Currently, content is shared in many disparate ways. The Associated Press has its own proprietary format for allowing other news sites to automatically repost its content; it also allows its lower-tier affiliates to manually repost (i.e., by copying and pasting into their own content management system), so long as the copyright notice remains intact. Sites pay to be affiliates. Bloggers, of course, have done the manual copy-and-paste thing for years; nowadays a pasted excerpt with a link to the original is considered standard, and this of course brings little money to the original creator. Video sites, too, have their own different ways of allowing users to share. Embedded video advertising allows the content creator to make some money on shares…assuming someone hasn’t simply saved the video and reposted it. Data is far more difficult to share or monetize. Some sites offer an API, but few laypeople know what to do with such a thing. The typical social media way of sharing data is by posting a still image of a graph or infographic–not contextualized or accessible at all.

In a system where every piece of content is tagged by creator, wherein sharing of any type of media is simple, IP could be more easily secured and monetized. Content tags could include copyright types and licensing permission levels. A piece of content might, for example, be set to freely share so long as it is always accompanied by the creator’s advertising. Ads could be sponsorship watermarks, preroll video, display banners or text that appear within the content unit, or something else entirely. The content creator would determine what advertising would be available for each piece of content, and the content sharers would each individually decide what advertising they are willing to have appear, or if they’d rather purchase an ad-free license. Resharers who took the content from someone else’s share would not avoid the advertising choice, because while they would have found the content at another sharer’s site or stream, the content itself would still be the original piece, hosted at the original repository, with all the original tags intact–including authorship and advertising.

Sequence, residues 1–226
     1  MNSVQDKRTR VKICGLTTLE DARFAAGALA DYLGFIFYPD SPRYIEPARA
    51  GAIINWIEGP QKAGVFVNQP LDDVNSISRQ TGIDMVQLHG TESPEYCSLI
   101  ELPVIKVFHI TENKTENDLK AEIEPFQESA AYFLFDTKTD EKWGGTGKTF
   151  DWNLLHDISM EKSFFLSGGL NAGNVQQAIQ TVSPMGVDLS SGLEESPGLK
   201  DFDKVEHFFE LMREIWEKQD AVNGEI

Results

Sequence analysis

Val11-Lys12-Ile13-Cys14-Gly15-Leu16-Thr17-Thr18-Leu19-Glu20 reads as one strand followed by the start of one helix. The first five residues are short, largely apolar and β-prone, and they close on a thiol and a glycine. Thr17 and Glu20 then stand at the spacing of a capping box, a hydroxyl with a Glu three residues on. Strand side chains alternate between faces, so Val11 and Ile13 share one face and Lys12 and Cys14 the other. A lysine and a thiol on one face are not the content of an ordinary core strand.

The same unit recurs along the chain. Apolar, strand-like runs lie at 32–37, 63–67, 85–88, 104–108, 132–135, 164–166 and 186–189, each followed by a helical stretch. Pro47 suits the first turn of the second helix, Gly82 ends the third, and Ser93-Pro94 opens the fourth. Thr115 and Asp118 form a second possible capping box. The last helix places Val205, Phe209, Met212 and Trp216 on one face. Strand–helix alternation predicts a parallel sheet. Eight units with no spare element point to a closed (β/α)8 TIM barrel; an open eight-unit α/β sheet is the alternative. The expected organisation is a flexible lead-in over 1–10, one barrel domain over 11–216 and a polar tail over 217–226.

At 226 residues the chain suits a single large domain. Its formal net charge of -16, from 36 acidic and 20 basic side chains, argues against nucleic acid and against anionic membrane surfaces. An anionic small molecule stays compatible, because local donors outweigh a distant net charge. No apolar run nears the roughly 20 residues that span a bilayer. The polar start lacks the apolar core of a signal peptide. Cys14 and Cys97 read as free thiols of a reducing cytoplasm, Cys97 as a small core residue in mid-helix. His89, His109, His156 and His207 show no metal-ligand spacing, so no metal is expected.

Content could also be set to automatically enter the public domain at the proper time, under the laws governing its creator, or perhaps earlier if the creator so wishes.

The first step in making all of this work is to have all content properly tagged and a system wherein content tags are quickly updated and indexed across the internet. The second step would be in making sharing the “right” way so easy that very few would attempt to save someone else’s content and repost it as their own. As I mentioned in Part 2, I’m imagining browsers and sites that offer a plethora of in-browser editing and sharing options, far easier (and less expensive!) than using desktop applications. Making sharing and remixing easy and browser-based would also cut down on software piracy. Powerful creation suites would still be purchased by the media producers who need them to make their content, but the average person would no longer require a copy of Final Cut Pro to hack together a fan video based on that content.